Wildfire Expert Crystal Raymond

Wildfire Safety Tips for Homeowners and Travelers

Wildfire risk is increasing across Washington state and Idaho as our summers get hotter and drier, and Crystal Raymond’s job is to help residents and travelers stay safe.

The University of Washington climate adaptation specialist works with computer models and public authorities to protect Northwest communities from out-of-control blazes during our fire season, which starts as early as July and runs through September.

“Living in the Northwest means living with fire to some extent,” she says, “so we need to find that balance between protecting our communities and recognizing that we wouldn’t have beautiful forests and the beautiful places where we live if we didn’t have fire.”

Where is the fire risk climbing?

“People who live in the wildland-urban interface to the more rural parts of Western Washington should be considering wildfire, but it’s creeping across the whole region. The rain shadow over the Olympic Peninsula and San Juan Islands is probably going to experience more increase because it’s drier. Puget Sound lowlands where we had oak forests or grasslands may also be a little more prone to wildfire. Those areas between the wet climate of Western Washington and our drier climate of Eastern Washington are where we may see a transition to higher fire risk sooner. Eastern Washington forests are more similar to California — drier and adapted to fire — but have a shorter fire season.

What role does fire play east of the Cascades?

“Those forests developed with a lot of wildfires. For the seed of ponderosa pine trees to germinate, they need bare mineral soil. Fire will do that. Lodgepole pine has a serotinous cone, where the heat of fire will release the seeds. The ability for deer and elk to move comes from the fire that clears out the forest. This mix of live and dead trees and open areas is important for wildlife. Grasslands and shrublands thrive on fire.

What about west of the Cascades?

“Fire plays a different role. We’re talking about a fire that burns maybe every 250 to 1,000 years. These forests burned in the 1800s and 1700s, just not as much in recent memory. It is actually typical that a fire in western Oregon and Washington could burn and kill most of the trees in a forest, and then the forest is adapted to regrowing and developing after that.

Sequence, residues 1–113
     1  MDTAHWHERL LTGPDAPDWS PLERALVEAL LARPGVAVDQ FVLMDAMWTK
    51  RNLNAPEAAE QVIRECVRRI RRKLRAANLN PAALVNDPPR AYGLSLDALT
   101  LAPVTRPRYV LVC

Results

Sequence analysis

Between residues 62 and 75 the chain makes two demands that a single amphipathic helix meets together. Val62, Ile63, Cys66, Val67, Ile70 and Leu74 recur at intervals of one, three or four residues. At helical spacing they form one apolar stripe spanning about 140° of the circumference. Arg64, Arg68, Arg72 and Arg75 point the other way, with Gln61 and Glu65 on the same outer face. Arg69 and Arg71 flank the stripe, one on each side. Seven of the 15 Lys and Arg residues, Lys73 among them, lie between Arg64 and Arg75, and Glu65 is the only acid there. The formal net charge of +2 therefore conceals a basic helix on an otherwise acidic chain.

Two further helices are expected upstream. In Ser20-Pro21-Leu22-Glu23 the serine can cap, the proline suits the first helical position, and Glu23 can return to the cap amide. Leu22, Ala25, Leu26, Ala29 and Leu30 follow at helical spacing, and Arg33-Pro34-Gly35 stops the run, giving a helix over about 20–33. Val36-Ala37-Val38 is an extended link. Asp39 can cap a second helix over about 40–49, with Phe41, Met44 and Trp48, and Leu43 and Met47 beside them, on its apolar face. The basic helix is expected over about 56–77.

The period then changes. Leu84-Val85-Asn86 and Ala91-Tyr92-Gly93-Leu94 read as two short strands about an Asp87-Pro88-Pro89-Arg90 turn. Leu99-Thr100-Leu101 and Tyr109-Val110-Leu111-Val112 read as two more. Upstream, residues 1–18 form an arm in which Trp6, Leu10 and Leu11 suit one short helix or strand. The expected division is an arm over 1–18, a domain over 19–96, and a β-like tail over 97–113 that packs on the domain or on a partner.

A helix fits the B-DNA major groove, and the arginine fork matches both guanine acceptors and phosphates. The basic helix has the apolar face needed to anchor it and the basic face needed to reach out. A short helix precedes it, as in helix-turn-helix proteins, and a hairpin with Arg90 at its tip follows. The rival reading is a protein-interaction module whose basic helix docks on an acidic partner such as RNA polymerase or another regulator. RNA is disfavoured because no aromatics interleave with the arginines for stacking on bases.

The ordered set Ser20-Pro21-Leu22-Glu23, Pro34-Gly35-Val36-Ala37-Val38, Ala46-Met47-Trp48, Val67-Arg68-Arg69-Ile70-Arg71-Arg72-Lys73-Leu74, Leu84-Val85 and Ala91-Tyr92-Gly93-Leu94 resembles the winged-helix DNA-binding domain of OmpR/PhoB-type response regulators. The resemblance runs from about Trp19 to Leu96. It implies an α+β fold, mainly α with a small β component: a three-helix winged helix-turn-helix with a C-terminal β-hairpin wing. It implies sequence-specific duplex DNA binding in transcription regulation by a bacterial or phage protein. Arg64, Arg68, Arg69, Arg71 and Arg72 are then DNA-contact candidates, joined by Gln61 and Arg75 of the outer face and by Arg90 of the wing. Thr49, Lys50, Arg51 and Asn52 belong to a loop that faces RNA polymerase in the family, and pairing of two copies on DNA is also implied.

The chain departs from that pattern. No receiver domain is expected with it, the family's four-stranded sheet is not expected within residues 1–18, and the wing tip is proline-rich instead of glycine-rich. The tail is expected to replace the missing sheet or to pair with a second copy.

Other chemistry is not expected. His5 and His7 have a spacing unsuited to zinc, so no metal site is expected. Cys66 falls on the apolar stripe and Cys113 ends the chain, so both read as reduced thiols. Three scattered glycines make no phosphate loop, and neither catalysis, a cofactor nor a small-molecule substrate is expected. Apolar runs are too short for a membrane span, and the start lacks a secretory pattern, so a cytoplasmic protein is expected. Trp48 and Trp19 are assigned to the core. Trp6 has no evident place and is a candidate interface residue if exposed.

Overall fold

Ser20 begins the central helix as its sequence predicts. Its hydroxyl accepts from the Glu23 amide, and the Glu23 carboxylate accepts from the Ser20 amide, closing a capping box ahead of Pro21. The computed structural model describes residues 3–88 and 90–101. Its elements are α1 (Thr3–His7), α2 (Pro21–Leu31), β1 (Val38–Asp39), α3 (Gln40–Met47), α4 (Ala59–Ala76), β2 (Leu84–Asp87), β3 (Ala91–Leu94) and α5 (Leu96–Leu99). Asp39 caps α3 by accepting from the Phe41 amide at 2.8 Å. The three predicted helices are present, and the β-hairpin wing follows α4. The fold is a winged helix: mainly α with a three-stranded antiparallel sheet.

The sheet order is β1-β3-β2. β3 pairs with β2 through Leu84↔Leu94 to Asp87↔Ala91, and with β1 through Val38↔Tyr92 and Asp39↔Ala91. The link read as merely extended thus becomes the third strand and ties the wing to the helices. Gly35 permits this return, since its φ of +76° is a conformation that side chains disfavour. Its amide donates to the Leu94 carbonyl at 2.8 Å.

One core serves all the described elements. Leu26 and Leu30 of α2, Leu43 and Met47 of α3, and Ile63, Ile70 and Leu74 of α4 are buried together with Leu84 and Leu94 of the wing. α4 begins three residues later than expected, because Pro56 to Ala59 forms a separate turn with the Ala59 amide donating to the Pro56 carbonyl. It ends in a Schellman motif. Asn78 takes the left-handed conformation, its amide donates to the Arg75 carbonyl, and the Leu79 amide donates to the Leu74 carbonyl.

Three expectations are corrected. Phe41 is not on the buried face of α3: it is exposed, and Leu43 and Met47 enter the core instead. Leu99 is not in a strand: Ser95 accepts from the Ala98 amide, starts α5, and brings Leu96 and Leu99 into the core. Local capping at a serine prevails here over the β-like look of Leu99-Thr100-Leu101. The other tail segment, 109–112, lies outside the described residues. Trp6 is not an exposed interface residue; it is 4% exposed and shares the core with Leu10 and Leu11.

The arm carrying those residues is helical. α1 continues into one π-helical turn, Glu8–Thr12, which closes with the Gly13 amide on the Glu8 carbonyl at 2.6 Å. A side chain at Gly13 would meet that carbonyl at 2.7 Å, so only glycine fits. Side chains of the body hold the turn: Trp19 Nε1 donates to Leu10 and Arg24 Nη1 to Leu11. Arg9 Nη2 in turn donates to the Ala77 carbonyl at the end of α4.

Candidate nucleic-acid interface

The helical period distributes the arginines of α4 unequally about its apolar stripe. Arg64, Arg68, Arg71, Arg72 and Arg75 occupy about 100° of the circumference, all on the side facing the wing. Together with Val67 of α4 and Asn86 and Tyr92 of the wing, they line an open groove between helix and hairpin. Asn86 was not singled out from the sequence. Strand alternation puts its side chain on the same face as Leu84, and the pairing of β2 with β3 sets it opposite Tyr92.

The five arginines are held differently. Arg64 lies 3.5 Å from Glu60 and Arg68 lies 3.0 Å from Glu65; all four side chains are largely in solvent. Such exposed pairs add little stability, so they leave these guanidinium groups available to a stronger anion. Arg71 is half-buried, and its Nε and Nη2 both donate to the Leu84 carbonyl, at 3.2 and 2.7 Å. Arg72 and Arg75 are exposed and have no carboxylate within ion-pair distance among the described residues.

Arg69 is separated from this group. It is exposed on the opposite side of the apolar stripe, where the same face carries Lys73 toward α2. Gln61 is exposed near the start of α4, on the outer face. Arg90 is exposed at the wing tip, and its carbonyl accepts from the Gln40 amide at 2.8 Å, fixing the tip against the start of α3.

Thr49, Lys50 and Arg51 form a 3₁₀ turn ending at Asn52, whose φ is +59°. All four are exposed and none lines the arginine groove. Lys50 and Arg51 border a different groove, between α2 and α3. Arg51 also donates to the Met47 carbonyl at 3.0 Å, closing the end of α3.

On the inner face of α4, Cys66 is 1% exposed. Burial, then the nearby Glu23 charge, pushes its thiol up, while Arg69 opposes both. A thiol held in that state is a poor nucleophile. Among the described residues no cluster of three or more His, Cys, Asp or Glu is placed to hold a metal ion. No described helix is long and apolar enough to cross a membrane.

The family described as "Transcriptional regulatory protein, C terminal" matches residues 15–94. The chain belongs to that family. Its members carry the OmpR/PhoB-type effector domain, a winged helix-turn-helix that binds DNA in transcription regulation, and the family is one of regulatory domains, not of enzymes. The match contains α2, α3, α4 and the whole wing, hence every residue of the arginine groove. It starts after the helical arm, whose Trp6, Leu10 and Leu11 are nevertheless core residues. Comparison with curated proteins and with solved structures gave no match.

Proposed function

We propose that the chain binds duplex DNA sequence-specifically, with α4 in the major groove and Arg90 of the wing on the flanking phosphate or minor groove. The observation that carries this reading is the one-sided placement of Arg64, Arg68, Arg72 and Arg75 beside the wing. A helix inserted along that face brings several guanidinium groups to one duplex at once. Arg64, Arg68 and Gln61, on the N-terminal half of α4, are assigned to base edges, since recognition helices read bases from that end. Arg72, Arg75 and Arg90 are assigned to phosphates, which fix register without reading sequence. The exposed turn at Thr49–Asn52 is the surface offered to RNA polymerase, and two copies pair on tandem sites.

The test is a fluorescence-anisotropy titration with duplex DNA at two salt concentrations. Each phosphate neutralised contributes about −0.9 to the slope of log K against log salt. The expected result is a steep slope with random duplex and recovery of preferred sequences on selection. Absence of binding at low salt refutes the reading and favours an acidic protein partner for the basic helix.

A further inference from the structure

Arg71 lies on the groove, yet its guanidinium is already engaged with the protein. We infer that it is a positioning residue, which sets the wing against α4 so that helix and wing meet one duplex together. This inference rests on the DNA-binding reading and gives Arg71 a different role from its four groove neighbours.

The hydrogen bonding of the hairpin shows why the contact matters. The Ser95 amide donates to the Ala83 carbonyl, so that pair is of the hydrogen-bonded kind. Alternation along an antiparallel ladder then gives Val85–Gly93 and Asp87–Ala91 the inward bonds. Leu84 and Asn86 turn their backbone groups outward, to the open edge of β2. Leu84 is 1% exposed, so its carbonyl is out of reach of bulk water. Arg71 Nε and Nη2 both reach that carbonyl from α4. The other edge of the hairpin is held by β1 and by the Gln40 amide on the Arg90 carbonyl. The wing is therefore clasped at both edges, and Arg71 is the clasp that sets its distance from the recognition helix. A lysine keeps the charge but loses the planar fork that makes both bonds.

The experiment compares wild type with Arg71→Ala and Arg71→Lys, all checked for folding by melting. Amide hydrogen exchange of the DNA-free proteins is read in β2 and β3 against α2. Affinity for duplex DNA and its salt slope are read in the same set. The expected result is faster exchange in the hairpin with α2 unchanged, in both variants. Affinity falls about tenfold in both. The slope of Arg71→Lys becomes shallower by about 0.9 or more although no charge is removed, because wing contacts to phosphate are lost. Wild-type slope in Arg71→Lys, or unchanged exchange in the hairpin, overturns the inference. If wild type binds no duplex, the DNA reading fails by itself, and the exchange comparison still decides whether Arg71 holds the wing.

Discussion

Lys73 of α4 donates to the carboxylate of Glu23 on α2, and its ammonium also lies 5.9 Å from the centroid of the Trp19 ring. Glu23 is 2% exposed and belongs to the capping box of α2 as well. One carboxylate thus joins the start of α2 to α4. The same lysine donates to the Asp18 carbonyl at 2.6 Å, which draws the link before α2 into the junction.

Where can we see a fire-dependent ecosystem?

“The Okanogan-Wenatchee National Forest. Those low-elevation, open pine forests are places that are just so, so beautiful, and they’re kept that way because we allow some fire into the system.

How can travelers stay safe?

“For any summertime travel, you want to be aware of any fires in the area, advisories of what places might be closed and red flag warnings, which mean an extreme fire weather situation in the forecast. Check with state agencies, federal forest websites and the National Interagency Fire Center.

What can homeowners do?

“Clearing vegetation and flammable material can protect your house and protect firefighters. Also, think about the building materials: the deck and roof and siding.

What are predictors of a severe wildfire season ahead?

“Warm temperatures and periods of time without rain. Hot temperatures make the vegetation even drier. Another critical factor can be when you have an east wind and you have hot, dry wind from the eastern side of the mountains. You get very low relative humidity and that creates a short-term situation where you can really have a lot of fire danger.

More fire safety resources

Learn more about the role of fire and how to stay safe from the Washington Department of Natural Resources, the Idaho Department of Fish and Game, the National Park Service and the National Fire Protection Association.

–Written by Sarah Anne Lloyd

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This story originally appeared in the July/August 2020 edition of the AAA Washington member magazine, Journey.

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